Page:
Retained Securitisation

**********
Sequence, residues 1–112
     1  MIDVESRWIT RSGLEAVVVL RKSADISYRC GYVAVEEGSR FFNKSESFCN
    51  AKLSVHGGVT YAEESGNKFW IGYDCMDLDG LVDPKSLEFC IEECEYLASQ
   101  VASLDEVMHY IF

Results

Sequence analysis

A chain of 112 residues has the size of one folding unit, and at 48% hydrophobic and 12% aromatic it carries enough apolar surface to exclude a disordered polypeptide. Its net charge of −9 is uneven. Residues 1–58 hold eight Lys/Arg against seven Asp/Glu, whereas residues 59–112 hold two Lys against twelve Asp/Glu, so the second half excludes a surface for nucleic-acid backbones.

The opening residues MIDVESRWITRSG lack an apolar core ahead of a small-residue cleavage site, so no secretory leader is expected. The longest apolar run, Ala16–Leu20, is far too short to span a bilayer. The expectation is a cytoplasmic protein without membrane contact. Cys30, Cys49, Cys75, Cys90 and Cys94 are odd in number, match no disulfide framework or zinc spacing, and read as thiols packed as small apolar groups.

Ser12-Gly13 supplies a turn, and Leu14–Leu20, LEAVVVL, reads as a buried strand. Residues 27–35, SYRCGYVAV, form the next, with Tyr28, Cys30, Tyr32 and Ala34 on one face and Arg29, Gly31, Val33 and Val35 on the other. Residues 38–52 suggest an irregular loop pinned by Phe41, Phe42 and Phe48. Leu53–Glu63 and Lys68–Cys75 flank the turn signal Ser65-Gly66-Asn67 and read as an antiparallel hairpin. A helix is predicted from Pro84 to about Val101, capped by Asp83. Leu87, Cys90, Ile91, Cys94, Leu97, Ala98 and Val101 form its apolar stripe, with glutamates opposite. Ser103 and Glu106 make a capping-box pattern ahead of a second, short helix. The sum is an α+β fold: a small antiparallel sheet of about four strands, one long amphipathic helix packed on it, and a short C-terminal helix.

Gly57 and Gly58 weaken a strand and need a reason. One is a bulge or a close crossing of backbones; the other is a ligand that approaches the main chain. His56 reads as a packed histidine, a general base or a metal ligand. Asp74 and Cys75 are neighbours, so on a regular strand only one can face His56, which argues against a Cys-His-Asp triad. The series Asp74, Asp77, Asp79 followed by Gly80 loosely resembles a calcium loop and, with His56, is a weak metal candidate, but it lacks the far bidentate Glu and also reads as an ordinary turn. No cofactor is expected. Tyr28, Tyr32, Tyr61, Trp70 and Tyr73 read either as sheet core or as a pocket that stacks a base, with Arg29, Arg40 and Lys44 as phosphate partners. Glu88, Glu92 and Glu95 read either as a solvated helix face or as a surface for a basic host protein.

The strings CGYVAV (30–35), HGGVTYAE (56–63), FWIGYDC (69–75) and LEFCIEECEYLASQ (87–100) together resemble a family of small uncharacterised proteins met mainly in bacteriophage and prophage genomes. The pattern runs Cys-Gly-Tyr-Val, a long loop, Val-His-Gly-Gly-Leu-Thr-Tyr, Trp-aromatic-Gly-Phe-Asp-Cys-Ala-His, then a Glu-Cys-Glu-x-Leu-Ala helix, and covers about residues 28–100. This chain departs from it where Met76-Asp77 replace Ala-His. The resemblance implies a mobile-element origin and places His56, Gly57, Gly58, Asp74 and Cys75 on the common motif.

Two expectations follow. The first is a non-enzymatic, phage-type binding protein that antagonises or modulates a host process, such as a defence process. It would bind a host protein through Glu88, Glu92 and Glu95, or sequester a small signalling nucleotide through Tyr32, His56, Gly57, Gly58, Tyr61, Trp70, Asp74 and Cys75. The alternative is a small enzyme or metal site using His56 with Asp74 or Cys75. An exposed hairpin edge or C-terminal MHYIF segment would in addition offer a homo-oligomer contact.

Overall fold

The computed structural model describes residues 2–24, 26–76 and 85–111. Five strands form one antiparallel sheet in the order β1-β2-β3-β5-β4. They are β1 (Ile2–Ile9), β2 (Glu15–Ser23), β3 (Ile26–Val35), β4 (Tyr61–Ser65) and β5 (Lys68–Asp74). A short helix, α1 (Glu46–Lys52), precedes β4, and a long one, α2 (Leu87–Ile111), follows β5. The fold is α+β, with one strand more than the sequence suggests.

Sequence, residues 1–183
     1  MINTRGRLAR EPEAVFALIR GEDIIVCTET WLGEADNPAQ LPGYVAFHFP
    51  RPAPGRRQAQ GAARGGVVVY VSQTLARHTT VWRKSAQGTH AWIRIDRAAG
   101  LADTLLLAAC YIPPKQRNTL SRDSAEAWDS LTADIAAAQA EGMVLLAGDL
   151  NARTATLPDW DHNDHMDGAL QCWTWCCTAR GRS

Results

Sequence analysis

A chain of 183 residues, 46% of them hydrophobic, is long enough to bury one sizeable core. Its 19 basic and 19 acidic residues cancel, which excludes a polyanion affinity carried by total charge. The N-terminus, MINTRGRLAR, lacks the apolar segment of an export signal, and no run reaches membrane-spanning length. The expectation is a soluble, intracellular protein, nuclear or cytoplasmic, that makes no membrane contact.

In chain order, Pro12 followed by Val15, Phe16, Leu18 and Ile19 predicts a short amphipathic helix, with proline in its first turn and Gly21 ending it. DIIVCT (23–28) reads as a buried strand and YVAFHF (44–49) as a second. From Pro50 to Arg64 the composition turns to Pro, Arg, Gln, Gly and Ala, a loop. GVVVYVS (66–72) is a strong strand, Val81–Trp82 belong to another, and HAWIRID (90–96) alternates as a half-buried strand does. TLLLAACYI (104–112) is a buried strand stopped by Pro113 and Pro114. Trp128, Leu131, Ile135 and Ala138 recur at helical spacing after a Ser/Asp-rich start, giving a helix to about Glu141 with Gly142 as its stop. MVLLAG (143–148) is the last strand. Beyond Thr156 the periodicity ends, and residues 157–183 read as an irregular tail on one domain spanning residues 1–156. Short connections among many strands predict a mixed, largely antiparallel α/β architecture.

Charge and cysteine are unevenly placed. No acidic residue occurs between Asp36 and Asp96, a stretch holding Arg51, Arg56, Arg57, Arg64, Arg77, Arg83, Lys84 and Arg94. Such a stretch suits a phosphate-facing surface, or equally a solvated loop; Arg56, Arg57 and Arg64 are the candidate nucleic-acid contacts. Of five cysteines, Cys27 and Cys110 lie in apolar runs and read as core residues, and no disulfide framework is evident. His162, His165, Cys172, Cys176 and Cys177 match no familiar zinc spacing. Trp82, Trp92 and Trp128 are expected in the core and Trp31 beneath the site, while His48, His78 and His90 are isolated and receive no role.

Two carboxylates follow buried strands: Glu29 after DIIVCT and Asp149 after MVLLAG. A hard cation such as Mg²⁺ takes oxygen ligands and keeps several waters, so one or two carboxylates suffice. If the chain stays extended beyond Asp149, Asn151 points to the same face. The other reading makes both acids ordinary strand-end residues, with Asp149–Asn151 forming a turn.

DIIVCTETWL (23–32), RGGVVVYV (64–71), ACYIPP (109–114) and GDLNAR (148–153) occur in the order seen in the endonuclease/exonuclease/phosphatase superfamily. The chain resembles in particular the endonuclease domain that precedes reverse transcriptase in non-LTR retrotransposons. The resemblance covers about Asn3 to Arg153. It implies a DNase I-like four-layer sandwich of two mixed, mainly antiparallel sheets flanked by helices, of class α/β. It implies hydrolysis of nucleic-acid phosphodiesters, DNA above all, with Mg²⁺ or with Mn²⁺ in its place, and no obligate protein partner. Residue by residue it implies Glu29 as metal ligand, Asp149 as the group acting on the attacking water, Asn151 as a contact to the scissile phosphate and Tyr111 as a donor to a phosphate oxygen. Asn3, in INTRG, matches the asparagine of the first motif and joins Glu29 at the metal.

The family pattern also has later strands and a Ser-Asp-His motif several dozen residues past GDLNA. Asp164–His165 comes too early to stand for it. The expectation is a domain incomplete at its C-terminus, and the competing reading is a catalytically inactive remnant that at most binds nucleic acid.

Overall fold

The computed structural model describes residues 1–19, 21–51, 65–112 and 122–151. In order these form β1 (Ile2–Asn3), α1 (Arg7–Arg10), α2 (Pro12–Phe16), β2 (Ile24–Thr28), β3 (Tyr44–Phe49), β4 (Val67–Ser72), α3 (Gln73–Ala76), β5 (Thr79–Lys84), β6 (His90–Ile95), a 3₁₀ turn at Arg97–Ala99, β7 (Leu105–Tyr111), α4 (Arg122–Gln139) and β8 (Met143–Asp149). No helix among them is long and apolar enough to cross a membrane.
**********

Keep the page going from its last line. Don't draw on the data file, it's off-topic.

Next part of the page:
=not to be confused with Retention. Securitisations are eligible collateral under various lending windows by the ECB and the Bank of England. This means that a bank wishing to borrow funds from its central bank can do so provided it furnishes some form of collateral to that central bank. The collateral that central banks will accept (eligible collateral) is tightly defined and includes, for both the ECB and the Bank of England, certain types of securitisations. Therefore, in recent year, banks have issued securitisations for the sole purpose of creating eligible collateral. These securitisations are identical to traditional securitisations but, instead of being sold to outside investors, the originator bank keeps all the securities. Those securities – retained securitisations – are then available to the originator bank to provide as collateral to the central bank when it feels it needs liquidity. Conversely, securitisations that are not so retained but sold to outside investor are called placed securitisations.

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